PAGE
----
By John Newsome on 5th October 2009

We have always invested a good deal of time ensuring that our clients understand our investment thinking, both in the short and longer terms. While we have been clear about how we viewed the events of the past couple of years, together with our expectations for the future, there are times when it merits amplification. We believe the present falls into that category.

There has been much talk of global economic recovery. Those omni-present green shoots herald the end of the recession and by early next year, economic growth will be back on the agenda. Well, that is how conventional wisdom views it but our business is investing, not marketing. When we scratch below the surface, we are not so easily swayed.

Recent economic data has been better than expected, which has reinforced the steep recovery in the stockmarket that started in March. However, the problem to our eyes is that the rally has, in general, moved share prices far beyond fundamental justification. It is now clear that a proportion of the money simply being printed is finding its way back into equity markets that have all too readily re-embraced their predilection for speculation.

Yet, as markets power ahead, the real economy keeps delivering bad news. This is not perhaps as bad as it could have been but by no stretch of the imagination could it be regarded as good. We simply do not believe that unemployment will start to fall. No economic recovery can take place without job creation and for what it's worth, we expect unemployment to continue rising.

As for the recovery in house prices, we suspect that supply shortage, a degree of pent-up demand combined with some buyers being able to provide substantial deposits, has led to modest price increases. However, the purchasing power of many potential home buyers has been permanently undermined as a result of high deposits and loan advances based on realistic earnings multiples. Throw in higher unemployment and we struggle to see how there can be any real recovery in house prices.

A major concern is what happens when the quantitative easing stops. At the risk of stating the obvious, the literal printing of money can only be regarded as a short term emergency measure. Similar comments apply to scrappage schemes and the truly mind boggling levels of government spending. As such, when the taps are eventually turned off, will an economy still burdened by excessive amounts of debt at individual, corporate and government level, continue recovering? We have our doubts. The legacy of debt means it will either have to be dealt with the old fashioned way (i.e. paid back) or alternatively, inflated away in a tidal wave of money printing. Either way, the outcome cannot be good.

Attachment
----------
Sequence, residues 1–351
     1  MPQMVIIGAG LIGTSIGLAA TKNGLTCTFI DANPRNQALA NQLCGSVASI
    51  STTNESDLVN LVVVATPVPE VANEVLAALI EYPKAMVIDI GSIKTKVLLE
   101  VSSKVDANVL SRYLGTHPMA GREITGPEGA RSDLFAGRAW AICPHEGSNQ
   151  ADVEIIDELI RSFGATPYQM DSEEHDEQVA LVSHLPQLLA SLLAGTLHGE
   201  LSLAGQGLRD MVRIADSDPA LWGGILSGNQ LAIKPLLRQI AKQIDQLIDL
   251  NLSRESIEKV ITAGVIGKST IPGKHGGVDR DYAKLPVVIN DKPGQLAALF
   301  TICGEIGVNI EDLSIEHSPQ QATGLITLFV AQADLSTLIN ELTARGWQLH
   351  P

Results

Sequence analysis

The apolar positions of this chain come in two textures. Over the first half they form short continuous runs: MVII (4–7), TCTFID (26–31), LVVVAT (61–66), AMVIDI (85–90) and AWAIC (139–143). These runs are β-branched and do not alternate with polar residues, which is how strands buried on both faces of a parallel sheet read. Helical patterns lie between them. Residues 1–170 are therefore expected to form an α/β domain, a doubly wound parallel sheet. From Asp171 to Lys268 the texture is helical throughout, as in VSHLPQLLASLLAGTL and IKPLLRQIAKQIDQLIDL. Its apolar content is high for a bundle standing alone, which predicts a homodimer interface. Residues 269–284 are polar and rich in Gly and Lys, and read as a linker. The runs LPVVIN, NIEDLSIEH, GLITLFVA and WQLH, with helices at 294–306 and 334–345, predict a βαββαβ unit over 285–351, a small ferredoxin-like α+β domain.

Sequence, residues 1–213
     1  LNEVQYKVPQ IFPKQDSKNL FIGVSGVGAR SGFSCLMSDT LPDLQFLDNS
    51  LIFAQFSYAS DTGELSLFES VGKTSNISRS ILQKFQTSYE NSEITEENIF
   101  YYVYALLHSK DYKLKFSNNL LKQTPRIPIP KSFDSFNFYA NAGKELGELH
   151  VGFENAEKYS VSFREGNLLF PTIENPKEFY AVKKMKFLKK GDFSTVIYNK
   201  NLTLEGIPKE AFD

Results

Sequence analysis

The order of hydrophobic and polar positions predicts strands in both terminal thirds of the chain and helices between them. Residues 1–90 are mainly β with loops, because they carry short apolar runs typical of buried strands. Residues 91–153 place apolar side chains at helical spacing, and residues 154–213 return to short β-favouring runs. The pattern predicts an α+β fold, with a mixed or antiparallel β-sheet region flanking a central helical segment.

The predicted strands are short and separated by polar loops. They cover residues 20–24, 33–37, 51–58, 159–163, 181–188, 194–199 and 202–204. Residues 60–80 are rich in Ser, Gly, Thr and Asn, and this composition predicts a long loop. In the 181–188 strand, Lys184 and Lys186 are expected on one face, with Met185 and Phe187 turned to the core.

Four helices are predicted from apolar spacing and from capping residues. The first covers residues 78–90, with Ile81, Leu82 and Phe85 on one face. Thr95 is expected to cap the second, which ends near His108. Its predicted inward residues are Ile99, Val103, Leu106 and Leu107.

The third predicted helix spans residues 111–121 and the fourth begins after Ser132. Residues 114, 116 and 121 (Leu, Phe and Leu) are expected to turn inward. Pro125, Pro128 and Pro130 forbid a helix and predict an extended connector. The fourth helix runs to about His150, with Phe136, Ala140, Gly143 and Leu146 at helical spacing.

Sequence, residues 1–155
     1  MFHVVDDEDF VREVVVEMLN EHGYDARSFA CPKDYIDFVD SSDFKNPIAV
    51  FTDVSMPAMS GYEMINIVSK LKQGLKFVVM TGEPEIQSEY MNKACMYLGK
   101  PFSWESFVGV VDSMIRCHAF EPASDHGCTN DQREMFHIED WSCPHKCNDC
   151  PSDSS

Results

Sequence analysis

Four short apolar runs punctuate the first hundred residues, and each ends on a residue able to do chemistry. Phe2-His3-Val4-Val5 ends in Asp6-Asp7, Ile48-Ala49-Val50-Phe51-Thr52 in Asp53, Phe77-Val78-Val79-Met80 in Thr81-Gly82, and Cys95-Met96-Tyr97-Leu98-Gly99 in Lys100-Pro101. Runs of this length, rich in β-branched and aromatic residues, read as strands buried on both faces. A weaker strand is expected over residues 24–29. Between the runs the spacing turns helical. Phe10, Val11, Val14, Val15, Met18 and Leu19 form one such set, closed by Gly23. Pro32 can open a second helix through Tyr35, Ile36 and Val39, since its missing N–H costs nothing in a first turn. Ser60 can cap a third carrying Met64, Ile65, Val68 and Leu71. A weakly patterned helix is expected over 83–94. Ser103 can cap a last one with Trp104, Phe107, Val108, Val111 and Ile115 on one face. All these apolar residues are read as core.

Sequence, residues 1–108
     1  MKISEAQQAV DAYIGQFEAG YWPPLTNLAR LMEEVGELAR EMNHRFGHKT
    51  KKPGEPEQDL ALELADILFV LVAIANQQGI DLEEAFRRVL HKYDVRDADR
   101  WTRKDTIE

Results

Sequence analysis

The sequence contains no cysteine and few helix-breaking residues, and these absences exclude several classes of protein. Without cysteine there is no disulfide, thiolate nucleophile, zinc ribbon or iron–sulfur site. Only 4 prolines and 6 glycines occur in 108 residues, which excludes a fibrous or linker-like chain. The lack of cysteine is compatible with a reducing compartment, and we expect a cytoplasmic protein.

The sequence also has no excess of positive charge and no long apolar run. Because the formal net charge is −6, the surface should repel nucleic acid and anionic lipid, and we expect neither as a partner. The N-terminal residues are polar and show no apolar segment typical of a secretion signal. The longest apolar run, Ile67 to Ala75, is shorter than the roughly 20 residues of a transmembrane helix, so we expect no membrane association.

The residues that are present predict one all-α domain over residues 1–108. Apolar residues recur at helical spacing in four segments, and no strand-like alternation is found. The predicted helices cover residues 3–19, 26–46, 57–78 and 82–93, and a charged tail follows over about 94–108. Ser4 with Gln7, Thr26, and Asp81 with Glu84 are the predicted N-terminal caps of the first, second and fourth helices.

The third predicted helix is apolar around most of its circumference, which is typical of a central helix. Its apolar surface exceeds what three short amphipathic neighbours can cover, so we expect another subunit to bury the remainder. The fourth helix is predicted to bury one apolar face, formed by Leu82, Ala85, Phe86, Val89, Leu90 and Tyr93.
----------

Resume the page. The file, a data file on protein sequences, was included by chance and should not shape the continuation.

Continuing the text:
We are of the opinion that the chances of a double dip recession are far higher than many believe. The artificial resuscitation of a consumer dominated economy, courtesy of the evil trinity comprising reckless government spending, quantitative easing and ultra cheap money, simply has no long term future.

After avoiding the worst effects of the current economic malaise, we are not buying a ticket for a train that we believe is likely to be derailed – again. It could be that our portfolios 'underperform' as a result of our relatively modest equity weightings but we can easily live with that. To hope naively for recovery or engage in mindless speculation is not our style. Our investment stance remains defensive and we see little reason to change it in the foreseeable future.

John Newsome can be contacted on:
01423 705123